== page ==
Ruminating On Rumi

As you start to walk out on the way, the way appears.

~ M. Rumi

Wednesday, May 22, 2013

Human Beans In Pale Green Pants


We humans are strange creatures.  As Caroline Myss says, we are so fearful. Afraid to die. Afraid to live.  So true. Yet, at the same time, these words are an invitation to wake up. A prod for us to examine what is this thing we call fear. What are we really afraid of? Seems to me it is either the unknown or something known that we have allowed our mind to exaggerate bigger then life. 
 Dr Seuss ~ What Was I Scared Of?
We also live in times where leaders of countries and religions manipulate and restrict the freedom of its own people with a media massaged message of terror from beyond its borders or with a prescribed morality. Can we stand up to these contrived or hyped up threats with a response of courage? Show us these boogie monsters.  Prove to us how someone else’s life style or belief system is a threat. Show us our differences. We can show you our commonalities.

Fear feeds our greed, our inhumanity, our disregard or blatant contempt for those we label “other”.  Fear is a shadow that when exposed to the light of consciousness shrivels and dies.

Fear itself is not an enemy, it can help us move wisely where caution is indicated.  Fear of known dangers is also a healthy, life preserving response.  Fear that goes unchallenged, unquestioned is an evolutionary throwback, the instinctive response of flight, fight or freeze.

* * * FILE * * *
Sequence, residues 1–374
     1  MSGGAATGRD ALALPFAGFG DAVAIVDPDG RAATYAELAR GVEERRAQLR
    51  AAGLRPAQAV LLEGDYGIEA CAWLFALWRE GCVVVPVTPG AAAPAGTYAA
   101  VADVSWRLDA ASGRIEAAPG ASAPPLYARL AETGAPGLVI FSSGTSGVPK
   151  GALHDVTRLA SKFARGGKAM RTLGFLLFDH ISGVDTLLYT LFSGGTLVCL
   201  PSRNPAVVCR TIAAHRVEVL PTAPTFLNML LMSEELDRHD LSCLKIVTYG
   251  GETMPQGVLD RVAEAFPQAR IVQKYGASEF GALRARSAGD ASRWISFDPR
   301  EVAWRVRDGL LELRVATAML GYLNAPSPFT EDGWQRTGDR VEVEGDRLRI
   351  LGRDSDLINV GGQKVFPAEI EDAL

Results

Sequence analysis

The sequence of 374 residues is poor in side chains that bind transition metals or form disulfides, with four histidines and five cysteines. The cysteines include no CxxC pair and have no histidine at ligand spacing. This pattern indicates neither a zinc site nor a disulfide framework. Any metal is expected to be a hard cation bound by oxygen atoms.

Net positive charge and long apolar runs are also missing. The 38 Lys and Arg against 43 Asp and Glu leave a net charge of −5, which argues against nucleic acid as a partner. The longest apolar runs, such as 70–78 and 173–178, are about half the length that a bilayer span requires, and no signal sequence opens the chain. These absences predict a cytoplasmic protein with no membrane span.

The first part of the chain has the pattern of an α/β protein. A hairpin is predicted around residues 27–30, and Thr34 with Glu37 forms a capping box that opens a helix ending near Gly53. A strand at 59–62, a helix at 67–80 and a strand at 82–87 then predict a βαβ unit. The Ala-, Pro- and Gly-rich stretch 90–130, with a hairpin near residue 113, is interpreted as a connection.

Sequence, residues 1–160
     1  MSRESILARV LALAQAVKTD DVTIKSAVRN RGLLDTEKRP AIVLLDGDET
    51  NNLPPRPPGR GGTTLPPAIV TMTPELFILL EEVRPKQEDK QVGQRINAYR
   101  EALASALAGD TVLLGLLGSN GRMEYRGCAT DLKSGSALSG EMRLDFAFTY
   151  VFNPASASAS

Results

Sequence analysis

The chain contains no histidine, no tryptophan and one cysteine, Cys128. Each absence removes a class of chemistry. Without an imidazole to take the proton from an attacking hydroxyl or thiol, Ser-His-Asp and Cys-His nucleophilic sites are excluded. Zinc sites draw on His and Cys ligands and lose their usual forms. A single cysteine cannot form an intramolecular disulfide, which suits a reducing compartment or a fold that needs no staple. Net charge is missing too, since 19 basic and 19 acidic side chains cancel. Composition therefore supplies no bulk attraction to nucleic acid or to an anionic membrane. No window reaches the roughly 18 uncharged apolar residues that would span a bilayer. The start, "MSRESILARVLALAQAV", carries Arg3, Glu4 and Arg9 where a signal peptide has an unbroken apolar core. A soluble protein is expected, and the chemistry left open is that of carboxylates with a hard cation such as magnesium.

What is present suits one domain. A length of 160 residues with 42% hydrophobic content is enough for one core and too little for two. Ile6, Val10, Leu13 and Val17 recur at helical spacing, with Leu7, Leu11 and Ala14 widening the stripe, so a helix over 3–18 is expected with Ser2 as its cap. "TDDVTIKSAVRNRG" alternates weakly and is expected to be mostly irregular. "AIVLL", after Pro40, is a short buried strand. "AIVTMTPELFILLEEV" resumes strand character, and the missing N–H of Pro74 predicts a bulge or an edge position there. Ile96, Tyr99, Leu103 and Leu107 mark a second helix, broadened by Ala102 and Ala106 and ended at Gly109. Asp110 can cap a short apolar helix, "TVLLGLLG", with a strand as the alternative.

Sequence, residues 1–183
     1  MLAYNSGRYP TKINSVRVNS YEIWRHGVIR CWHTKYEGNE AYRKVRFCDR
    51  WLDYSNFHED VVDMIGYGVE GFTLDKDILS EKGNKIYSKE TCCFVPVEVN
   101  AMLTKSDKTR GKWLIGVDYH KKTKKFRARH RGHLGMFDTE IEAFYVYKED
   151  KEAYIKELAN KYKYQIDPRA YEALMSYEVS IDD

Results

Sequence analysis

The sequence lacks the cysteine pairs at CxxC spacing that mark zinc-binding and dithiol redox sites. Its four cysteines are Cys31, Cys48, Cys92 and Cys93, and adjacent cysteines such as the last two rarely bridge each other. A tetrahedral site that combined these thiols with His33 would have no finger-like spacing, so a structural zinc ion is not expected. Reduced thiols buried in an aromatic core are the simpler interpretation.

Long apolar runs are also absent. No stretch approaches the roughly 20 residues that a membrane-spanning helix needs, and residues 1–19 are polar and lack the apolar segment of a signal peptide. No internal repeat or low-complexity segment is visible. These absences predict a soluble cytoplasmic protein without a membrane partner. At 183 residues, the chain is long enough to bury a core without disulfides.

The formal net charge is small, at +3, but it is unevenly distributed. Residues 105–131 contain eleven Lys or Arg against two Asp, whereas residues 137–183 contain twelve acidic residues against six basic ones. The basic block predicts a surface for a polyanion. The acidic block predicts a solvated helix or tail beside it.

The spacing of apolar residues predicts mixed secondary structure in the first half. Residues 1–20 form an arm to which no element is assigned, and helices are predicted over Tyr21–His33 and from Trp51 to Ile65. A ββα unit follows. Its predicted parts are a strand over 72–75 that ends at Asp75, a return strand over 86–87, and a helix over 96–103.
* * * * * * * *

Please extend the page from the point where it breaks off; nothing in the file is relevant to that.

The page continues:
However, when fight and fear become companions, when we strike before looking closer, our actions create the fear response in others.  A fear that feeds a vicious never ending loop of no resolve. If we do not investigate our irrational responses to fear it may lead to us as has-beens.  

In Dr Seuss’ story “What Was I Scared Of?” the fear is over a pair of pale green pants with no one inside them. The narrator admits, "I do not fear those pants with nobody inside them." I said, and said, and said those words. I said them but I lied them.”  

Resolve comes when, 

“Then a strange thing happened.
 Why, those pants began to cry!
Those pants began to tremble.
They were just as sacred as I!

I never heard such whimpering
 And I began to see 
That I was just as strange to them
As they were strange to me!” 

It may indeed be that our ways are strange to one another. But strangeness only needs a closer look to lead to understanding, to curiosity, to interest, to awe in our unique expressions of humanness. Let us examine that which we so fear through the heart of compassion, the eyes of wisdom, the knowing that we are not separate. We are one planet. Many human beans; one being. Whole-in-one.